We had never had it in the business plan to do premium units. We didn’t capitalize for that and we were continuing to roll the property, doing classic units; we had turned about 65 of the units. So with that and with the way the market had grown, where cap rates were compressed and there was still very attractive debt, we decided that we were going to really just soft touch it to the market.
We didn’t list it, we didn’t put out there, but I had a number of connections where I reached out to about ten people and just said, “We’re considering listing this property. We want to give you the first opportunity to have a look.” What we found was because you could get really attractive debt and you had 94 untouched units that can now be turned to premium units, and it was not a lot of heavy lifting on the property, that we had six offers come over. So we knew we were moving in the right direction.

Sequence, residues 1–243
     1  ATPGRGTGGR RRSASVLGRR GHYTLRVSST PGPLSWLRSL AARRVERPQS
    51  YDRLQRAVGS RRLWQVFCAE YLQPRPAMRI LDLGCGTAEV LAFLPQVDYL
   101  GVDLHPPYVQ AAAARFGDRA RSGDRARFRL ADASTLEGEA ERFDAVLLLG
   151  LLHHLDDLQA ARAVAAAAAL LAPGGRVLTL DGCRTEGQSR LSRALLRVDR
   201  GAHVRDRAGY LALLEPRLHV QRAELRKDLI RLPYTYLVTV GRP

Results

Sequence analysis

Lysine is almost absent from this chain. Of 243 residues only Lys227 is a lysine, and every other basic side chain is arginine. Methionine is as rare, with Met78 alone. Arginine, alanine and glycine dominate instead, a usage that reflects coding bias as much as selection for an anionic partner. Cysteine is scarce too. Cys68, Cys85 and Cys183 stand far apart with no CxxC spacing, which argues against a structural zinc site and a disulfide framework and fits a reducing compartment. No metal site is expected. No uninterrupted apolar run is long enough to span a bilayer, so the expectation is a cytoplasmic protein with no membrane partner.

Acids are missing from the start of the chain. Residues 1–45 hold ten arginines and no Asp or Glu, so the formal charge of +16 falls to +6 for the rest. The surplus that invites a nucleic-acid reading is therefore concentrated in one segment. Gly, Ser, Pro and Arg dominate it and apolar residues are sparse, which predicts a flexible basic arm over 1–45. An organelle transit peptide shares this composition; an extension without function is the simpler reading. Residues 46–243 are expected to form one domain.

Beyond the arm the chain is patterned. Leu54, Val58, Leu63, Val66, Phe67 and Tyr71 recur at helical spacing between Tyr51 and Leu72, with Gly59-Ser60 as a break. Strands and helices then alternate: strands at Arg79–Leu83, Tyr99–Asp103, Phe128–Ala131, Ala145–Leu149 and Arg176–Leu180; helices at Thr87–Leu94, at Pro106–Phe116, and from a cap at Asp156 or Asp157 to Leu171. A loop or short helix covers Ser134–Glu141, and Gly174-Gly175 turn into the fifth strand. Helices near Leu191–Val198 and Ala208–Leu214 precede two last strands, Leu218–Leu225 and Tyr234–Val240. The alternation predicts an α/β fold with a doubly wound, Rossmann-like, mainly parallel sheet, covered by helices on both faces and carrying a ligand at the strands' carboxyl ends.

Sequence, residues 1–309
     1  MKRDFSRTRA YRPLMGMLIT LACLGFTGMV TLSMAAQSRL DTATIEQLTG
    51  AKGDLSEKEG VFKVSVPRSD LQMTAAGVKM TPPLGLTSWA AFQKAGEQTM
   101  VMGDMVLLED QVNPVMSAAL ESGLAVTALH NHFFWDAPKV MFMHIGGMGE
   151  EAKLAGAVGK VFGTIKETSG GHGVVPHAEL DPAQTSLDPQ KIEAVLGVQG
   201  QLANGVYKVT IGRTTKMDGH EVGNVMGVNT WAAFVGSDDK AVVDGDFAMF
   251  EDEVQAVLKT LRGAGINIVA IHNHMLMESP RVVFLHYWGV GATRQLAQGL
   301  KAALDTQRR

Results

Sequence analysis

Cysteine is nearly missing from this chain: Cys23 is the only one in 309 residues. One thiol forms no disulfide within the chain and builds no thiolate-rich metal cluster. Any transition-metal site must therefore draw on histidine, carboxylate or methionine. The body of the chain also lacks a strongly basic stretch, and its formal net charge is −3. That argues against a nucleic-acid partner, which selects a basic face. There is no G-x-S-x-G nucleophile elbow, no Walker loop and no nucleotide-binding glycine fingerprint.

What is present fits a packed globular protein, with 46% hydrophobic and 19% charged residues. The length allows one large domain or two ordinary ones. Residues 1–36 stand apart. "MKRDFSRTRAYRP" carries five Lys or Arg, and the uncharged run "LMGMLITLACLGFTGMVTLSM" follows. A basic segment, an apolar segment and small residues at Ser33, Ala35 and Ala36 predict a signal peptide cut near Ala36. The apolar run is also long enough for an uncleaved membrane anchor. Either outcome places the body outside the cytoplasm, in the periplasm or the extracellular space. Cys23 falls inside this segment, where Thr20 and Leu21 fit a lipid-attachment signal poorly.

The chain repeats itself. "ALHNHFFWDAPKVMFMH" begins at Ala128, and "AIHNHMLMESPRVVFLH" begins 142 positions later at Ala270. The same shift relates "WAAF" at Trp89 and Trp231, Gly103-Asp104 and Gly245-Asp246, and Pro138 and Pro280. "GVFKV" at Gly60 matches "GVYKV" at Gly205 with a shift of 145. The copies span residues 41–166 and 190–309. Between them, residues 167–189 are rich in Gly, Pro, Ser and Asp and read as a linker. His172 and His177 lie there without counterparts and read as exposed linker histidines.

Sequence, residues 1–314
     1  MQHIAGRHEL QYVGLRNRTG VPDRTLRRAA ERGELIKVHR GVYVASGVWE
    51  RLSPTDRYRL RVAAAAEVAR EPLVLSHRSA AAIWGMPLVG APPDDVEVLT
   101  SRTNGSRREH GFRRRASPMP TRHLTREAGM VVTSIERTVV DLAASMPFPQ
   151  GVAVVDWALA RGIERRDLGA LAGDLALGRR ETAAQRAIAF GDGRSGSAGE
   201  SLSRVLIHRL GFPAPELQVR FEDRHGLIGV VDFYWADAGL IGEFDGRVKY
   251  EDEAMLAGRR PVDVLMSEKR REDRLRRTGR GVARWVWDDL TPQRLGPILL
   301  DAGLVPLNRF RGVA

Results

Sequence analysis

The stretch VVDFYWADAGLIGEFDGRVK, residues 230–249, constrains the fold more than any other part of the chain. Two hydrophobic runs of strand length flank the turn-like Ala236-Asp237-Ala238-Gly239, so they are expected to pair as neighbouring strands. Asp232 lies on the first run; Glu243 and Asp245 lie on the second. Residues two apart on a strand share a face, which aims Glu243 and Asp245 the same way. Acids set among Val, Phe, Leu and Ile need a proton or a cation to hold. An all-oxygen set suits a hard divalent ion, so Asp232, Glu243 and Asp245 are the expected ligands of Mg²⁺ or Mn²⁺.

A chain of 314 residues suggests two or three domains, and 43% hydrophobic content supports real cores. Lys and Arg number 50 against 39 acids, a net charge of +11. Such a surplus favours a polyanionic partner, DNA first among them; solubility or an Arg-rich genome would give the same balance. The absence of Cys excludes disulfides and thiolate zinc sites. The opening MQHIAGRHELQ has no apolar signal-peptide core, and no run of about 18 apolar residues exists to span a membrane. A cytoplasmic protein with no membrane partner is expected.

Looking at that, where we would sell at that point, we exceeded our investor expectations over a seven-year hold. So weighing on this cost and looking at the uncertainty that where we are, it makes us look great today, but where our thought process was that in year seven, we wouldn’t have this good comp, and ultimately how attractive things are today that we probably wouldn’t have the best market conditions, so now would be the ideal time to test the market, which we did, and we had a very attractive number.
Joe Fairless: Did you work with a broker?
Jason Yarusi: It ended up that I did work with a broker, but it was never listed. It was actually the same team who represented the seller when we brought it. I’d worked with them on other transactions and I reached out to them and talked to them about the potential of listing this, and he brought a buyer to the table.
Joe Fairless: Sometimes I get a question from our investors whenever we have an opportunity, and they ask, “Well, if the property’s doing so well, why are they selling it? Why don’t they just upgrade the units like you’re going to upgrade the units?” You have explained in your business model, you just didn’t have in the business plan to do those premium units. So you would either have to allocate some money from a refinance or supplemental loan, or you’d have to do a capital call, or you’d have to do a personal loan to the property in order to do that business plan. So you had a performing property, but you just had a different business plan than the buyer, right?